The Michigan Daily - Wednesday, February 22, 2006 - 3
Prof to discuss how
to increase career
Prof. Kristie Keeton, from the
Department of Obstetrics and
Gynecology, will present ways to
increase career satisfaction and
decrease work-related stress across
medical fields. The lecture will
begin today at 3:30 p.m. in room
2239 of Lane Hall.
Amir Sulaiman to
Black Muslim spoken-word artist
Amir Sulaiman, who was featured on
HBO's Def Poetry Jam and has toured
with Mos Def and Talib Kweli, will
perform today at 8 p.m. in Angell
Hall Auditorium B. The event is free
and is sponsored by the Muslim Stu-
Car springs leak
in parking lot
A vehicle in a parking lot on Ingalls
Street was leaking gasoline Monday
at about 10 a.m., the Department of
Public Safety reported. Workers with
the Department of Occupational Safe-
ty and Environmental Health cleaned
up the spill.
Vehicle struck in
A white Ford Tempo was struck
by another vehicle on Monday in
the hospital parking lot on West
Medical Center Drive, DPS report-
ed. The accident was a hit and run,
A pipe froze and burst in the stair-
well of the Biomedical Research
Building on Zina Pitcher Drive Mon-
day at about 10:20 p.m., DPS report-
ed. The pipe partially flooded the
stairwell and some of the lower level
of the building.
Load of laundry
S South Quad
A load of laundry was stolen from
South Quadrangle Residence Hall Mon-
day between sometime 12:30 and 1
Prof sa s U.S.
lags be ind in
war on poverty
By Katerina Georgiev
Daily Staff Reporter
The United States is falling behind
other countries in the war on pover-
ty, according to Public Policy Prof.
Danziger delivered a lecture
called "America's Persisting Pover-
ty: What Research Says About How
to Reduce It" yesterday afternoon in
the Rackham Amphitheater.
Danziger said poverty persists
because when the economy is flour-
ishing it does not deliver prosperity
to everyone. He criticized the idea
that poverty is exacerbated by too
much government aid or the failure of
government anti-poverty programs.
Danziger expressed admiration for
the anti-poverty policies implement-
ed in the United Kingdom after Tony
Blair's 1999 call to end child pov-
erty. Specifically, he pointed to the
Work For Those Who Can, Security
For Those Who Cannot and Services
and Policies For Young Children
social programs, noting that these
and others cost less than 1 percent of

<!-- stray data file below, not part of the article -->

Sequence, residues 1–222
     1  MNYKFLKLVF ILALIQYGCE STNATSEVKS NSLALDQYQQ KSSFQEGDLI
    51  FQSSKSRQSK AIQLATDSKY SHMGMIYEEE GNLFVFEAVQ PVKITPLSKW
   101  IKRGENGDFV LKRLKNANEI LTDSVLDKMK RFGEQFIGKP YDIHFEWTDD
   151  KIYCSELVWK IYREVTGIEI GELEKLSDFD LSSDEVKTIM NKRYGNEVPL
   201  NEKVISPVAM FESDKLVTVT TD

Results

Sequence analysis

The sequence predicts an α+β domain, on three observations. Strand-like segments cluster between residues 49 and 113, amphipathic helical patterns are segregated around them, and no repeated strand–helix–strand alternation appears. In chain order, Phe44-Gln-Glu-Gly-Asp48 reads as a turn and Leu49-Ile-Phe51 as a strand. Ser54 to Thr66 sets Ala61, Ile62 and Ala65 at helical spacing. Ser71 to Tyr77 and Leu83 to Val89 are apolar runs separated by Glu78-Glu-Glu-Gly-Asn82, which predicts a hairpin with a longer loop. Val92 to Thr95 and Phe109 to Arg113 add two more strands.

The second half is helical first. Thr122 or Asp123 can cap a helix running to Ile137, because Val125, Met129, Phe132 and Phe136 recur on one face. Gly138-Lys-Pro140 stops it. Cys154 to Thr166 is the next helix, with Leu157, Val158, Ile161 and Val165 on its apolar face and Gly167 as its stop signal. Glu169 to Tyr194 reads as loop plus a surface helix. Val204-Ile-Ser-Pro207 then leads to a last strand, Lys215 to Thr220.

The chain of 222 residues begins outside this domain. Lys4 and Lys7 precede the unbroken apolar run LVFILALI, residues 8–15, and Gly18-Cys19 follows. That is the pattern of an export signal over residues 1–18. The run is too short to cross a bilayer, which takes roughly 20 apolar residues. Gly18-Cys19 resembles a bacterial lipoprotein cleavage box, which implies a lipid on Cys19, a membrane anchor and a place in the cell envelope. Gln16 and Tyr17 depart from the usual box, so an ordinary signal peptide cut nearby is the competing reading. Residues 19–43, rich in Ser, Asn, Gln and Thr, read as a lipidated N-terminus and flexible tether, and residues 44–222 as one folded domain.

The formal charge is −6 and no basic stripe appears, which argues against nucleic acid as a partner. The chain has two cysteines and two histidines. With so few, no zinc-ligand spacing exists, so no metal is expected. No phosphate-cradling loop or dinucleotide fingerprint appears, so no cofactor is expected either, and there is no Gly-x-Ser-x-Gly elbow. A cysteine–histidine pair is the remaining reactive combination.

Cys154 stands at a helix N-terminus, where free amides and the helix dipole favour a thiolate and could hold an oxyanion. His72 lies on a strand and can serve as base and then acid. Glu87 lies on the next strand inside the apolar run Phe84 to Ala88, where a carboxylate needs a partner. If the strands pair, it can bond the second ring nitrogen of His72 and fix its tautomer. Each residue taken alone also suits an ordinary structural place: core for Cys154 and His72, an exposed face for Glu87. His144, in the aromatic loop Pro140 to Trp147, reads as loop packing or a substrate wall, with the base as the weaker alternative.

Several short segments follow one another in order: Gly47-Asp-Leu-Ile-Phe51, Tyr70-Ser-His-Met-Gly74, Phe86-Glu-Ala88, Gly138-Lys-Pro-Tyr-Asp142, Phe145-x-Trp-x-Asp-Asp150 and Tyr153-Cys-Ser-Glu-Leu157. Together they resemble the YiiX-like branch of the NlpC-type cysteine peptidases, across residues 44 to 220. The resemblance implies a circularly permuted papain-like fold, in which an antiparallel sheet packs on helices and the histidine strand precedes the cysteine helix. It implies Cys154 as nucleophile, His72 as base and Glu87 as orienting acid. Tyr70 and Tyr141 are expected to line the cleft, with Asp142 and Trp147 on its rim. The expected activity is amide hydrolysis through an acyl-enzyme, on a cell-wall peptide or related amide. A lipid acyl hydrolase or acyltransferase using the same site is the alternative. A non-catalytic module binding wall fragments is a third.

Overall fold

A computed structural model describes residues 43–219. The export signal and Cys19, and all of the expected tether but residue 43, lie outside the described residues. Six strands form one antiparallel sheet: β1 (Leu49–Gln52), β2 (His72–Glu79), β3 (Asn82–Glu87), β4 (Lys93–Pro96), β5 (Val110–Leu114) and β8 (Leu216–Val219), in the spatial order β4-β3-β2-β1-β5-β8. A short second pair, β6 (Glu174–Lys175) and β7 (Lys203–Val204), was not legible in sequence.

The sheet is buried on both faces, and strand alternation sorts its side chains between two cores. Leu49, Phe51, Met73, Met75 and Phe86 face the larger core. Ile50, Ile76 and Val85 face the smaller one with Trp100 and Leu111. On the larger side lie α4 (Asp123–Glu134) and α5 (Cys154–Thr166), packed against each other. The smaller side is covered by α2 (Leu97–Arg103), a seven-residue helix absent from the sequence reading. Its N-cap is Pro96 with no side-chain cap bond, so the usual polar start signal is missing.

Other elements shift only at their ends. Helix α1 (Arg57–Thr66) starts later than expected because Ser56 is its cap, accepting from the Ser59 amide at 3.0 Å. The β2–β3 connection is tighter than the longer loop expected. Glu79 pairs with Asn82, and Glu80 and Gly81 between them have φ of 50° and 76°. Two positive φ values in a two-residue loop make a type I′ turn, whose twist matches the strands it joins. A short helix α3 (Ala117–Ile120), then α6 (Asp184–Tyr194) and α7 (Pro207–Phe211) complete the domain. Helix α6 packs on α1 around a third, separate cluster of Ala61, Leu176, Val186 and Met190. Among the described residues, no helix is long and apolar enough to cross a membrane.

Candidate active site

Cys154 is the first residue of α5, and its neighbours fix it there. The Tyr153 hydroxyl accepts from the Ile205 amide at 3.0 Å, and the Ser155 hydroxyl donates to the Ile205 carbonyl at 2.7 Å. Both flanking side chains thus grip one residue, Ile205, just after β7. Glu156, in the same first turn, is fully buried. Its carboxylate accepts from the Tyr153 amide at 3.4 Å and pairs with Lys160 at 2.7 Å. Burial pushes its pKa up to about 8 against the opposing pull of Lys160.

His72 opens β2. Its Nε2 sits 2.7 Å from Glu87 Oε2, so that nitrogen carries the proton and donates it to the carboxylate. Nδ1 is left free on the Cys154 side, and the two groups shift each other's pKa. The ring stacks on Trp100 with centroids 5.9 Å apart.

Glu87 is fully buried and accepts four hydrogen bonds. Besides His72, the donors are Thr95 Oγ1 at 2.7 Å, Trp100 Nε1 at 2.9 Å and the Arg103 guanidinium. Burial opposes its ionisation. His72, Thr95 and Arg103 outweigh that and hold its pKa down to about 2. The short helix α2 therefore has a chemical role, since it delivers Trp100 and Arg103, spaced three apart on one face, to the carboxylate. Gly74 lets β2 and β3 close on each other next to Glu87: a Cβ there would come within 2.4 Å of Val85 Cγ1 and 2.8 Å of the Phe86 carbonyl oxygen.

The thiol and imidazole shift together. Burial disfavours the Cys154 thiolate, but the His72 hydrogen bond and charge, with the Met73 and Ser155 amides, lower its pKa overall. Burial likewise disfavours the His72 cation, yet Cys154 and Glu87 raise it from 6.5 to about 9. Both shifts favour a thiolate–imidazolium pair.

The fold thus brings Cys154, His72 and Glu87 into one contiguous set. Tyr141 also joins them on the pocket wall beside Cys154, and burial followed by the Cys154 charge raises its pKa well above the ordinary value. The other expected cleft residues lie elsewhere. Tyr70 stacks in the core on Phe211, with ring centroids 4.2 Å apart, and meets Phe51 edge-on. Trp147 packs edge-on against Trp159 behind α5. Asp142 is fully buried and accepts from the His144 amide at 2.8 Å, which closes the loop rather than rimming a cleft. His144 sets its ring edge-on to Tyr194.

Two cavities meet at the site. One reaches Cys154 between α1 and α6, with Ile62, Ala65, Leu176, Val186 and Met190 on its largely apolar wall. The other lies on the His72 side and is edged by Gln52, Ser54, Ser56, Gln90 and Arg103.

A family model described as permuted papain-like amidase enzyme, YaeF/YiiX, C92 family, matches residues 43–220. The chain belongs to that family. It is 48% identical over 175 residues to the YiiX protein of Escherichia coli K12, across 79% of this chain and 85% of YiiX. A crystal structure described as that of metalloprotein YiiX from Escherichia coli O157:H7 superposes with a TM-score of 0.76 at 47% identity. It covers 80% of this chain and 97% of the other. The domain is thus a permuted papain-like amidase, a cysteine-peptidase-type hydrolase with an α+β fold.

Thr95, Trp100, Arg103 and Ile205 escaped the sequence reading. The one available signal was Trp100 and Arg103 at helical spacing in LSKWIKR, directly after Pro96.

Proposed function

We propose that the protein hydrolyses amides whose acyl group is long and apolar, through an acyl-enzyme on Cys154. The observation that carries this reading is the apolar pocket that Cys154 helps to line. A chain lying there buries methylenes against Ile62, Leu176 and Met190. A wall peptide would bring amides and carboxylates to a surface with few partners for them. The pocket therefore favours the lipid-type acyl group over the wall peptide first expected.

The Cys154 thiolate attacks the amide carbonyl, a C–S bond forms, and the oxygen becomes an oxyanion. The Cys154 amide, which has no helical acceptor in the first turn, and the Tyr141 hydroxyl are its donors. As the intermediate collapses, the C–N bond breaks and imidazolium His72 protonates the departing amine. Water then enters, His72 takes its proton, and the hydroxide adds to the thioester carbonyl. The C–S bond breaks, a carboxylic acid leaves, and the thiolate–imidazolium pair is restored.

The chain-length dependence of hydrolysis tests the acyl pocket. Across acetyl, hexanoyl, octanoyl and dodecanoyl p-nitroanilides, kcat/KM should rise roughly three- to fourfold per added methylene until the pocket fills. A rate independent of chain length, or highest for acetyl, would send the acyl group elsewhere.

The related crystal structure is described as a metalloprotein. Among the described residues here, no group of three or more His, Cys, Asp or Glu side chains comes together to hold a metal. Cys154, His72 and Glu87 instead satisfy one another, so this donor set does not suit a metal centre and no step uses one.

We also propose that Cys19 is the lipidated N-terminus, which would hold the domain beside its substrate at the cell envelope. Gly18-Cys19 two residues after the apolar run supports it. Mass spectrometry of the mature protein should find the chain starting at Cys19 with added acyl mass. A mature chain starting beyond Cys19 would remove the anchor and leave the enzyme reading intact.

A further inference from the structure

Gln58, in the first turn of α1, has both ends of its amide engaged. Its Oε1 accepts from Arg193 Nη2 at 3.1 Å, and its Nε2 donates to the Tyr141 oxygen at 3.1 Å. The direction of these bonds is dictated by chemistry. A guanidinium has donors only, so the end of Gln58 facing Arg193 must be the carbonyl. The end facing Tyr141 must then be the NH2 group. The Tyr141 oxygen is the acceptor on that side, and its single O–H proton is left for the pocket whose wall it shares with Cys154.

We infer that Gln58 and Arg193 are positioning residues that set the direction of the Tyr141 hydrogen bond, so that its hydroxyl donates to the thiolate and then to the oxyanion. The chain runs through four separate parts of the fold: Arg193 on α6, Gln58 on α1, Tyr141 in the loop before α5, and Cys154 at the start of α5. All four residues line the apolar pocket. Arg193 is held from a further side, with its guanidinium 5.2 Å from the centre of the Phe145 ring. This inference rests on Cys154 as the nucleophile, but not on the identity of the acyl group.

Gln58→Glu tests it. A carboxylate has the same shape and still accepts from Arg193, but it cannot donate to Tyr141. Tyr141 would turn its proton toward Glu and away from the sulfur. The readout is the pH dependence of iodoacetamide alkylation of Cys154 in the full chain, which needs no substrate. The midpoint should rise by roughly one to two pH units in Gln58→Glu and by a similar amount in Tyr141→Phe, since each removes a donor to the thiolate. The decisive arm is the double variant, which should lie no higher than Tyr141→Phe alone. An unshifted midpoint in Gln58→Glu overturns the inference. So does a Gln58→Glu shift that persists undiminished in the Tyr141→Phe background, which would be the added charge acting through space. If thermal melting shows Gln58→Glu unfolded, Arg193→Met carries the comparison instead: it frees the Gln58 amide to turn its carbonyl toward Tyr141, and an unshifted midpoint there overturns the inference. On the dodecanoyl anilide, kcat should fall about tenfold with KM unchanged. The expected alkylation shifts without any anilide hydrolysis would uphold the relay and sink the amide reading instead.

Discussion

the British GDP and resulted in sig-
nificantly decreased poverty rates in
the United Kingdom.
He also showed a graph to indi-
cate that while the British minimum
wage has increased about 40 percent
since 1999, the U.S. national mini-
mum wage has not changed.
"(The British anti-poverty poli-
cies have) resulted in a dramatic
reduction in child poverty," he said.
"The last time I checked, the U.K.
hasn't collapsed since the govern-
ment became more concerned about
the well-being of the poor."
When asked how other aspects
of the British anti-poverty system
could be made to function in the
U.S., Danziger qualified his point.
"I'm not arguing we should have
a whole European social safety net
because that wouldn't apply (in the
United States)" he said.
Danziger then proposed a modest
anti-poverty initiative he designed
to cut the U.S. poverty rate in half.
Danziger's suggested program
includes expanding the earned
income tax credit for single people
and childless couples, subsidizing
health care for those not covered by
Medicare and Medicaid, and provid-
ing transitional jobs of last resort
for people no longer entitled to cash
welfare who want to work but cannot
find jobs. He said these jobs could
be offered by nonprofit or commu-
Danziger also voiced strong sup-
port for a higher minimum wage.
"(Other) economies have not col-
lapsed after the minimum wage was
raised," he said.
Danziger said American society's
lack of trust in the government
to handle tax dollars and develop
worthwhile social programs has
affected the war on poverty.
"Americans have never put as much
stock in their government as people in
other countries (have put in theirs),"
he said. "People think government is
wasteful and inefficient."
"(Americans) are less willing to
provide tax money, less likely to
trust the government to do anything,
less likely to believe the government
can be successful, and (therefore)
they are less likely to feel respon-
sible for the poor," he said.
Danziger concluded that in the
United States there is a shifting atti-
tude towards greater tolerance for
higher levels of poverty.
"Most (Americans) feel they are
not going to be poor, so they don't
feel the need for programs," he said.
"When a person's elderly parents are
sick and Medicaid pays for their hos-
pital bills, that's when he says, 'That's
a good government program'."
University President Mary Sue
Coleman gave opening remarks for
"This is the most complicated of
topics presented by the most enlight-
ened of minds," she said.
Controversy over Detroit Zoo closure heats up
Detroit City Council members rejected
an agreement to relinquish control of
the zoo's daily operations
DETROIT (AP) - A fight over the threatened closure of the Detroit
Zoo turned into a racially charged war of words yesterday between
Detroit City Council members and Oakland County Executive L.
But even as they turned the heat up on the rhetoric, council members
who had rejected an agreement to relinquish the city's control of the
zoo's daily operations said they were hopeful a deal could be reached to
keep the beloved institution open.
At a news conference at which six council members defended their
no votes, several of them lashed out at Patterson, whose county includes
dozens of Detroit suburbs, for saying the council members themselves
belong in a zoo.
"We will not be divided by the racist comments of L. Brooks Patter-
son," council member Monica Conyers said.